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Mass. urges more HIV/AIDS testing in minority areas; Over 50% of HIV+ in Mass. Are Minorities
 
 
  By Megan Woolhouse
Boston Globe Staff / December 2, 2007
 
State public health officials have recommended increasing HIV/AIDS testing in minority neighborhoods as a way to combat the "grossly disproportionate" spread of HIV/AIDS among the city's black and Hispanic populations, according to a report issued yesterday.
 
The report found that while 6 percent of the state's population is black and another 6 percent is Hispanic, those two groups represent more than half of the people living with HIV/AIDS in the state in 2005. An even greater number of all women diagnosed with HIV/AIDS - 83 percent - were black or Hispanic.
 
"Persons of color are far more likely than white individuals to be living with HIV; black and Hispanic individuals being 11 and 9 times more likely to be HIV positive than white individuals," the report stated. "Behavioral analysis also suggests a tendency not to report same-sex contact or injection drug use among black men, possibly as a result of societal stigma surrounding these behaviors."
 
Stephen L. Boswell, president and chief executive officer of Fenway Community Health, the largest provider of outpatient HIV services in New England, said patients with HIV/AIDS may hide it or be unaware of it because they haven't been tested. Compounding the problem is what Boswell described as sex "on the down low." Boswell said that is a common way of referring to sex between black males who identify themselves as heterosexual in public health surveys, keeping their gay liaisons secret.
 
"It's a phenomenon of major concern," Boswell said. "As a consequence of being underground, it becomes a very difficult part of the epidemic to deal with."
 
The report, "An Added Burden: The Impact of the HIV/AIDS Epidemic on Communities of Color in Massachusetts," was released by Dr. JudyAnn Bigby, the state's secretary of Health and Human Services, at a World AIDS Day event at Healing Our Land, a church-based HIV/AIDS prevention group in Boston. It is the first time the state's Department of Public Health has issued a report specifically addressing the racial disparities associated with HIV/AIDS in the state.
 
In a phone interview yesterday, Bigby said many factors contribute to the problem, such as high prison incarceration rates among black men. Prison rapes routinely occur among men who do not consider themselves gay, she said, and those men may pass the disease along to subsequent female partners. Bigby added that despite state prevention efforts, some prisons still don't allow condoms to be passed out among inmates.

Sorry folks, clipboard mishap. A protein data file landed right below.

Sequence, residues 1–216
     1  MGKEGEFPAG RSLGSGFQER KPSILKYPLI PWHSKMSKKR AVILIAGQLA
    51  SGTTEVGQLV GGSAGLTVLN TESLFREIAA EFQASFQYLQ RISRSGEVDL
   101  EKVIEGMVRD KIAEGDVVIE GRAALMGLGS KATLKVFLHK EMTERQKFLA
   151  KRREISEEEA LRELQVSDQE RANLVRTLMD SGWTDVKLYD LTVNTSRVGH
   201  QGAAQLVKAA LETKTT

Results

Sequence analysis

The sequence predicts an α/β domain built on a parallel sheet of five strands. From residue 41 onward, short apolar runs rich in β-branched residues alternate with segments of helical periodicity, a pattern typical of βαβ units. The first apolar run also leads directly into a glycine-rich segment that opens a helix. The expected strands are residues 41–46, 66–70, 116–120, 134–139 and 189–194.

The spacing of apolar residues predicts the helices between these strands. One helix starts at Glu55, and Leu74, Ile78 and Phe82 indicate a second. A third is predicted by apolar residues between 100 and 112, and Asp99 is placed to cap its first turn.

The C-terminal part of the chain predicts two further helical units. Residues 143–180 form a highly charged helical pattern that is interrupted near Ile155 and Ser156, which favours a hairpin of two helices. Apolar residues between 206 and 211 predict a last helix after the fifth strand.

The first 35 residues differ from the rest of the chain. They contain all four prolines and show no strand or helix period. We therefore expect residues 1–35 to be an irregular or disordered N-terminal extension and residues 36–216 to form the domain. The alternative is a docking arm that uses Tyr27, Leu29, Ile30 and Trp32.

Rebecca Haag, executive director of the AIDS Action Committee of Massachusetts, said the number of minority women with HIV/AIDS has been steadily climbing for the last five years. She said there is a lack of outreach and information getting to them about HIV/AIDS prevention.
 
The Centers for Disease Control and Prevention has focused resources on making HIV testing as common as screening for diabetes and colon cancer. The CDC has recommended that all adolescents and adults under age 64 be told during a medical visit that they would be screened for HIV. Patients would have the option to decline.
 
Haag said those efforts won't succeed without more targeted outreach and testing in minority communities.
 
"Routine testing without routine healthcare doesn't do us a lot of good," she said. "We need to get the Urban League involved. . . . There is still a lot of stigma related to this disease."
 
The report highlighted other racial disparities among users of HIV/AIDS services in Massachusetts. It found, for example, that while injection drug use is a significant factor in HIV infection among people of color, those individuals are dramatically underrepresented in the state's HIV testing services and its four programs that offer clean needles to drug users across the state.
 
The report included a number of recommendations to change that. It asked for expanded investment in AIDS/HIV programs serving communities of color, the creation of more culturally specific information about the risks of HIV transmission, and the importance of routine testing. The report also calls for expanding the availability of clean-needle programs in minority neighborhoods.
 
Haag said Governor Deval Patrick has indicated that HIV/AIDS prevention is one of his priorities, and she hopes he will increase the budget for those programs. She applauded state officials for issuing the report and recommendations.
 
"I think we're doing a pretty good job in Massachusetts overall," she said, "but there are pockets of communities where we need more funding for prevention."
 
 
 
 
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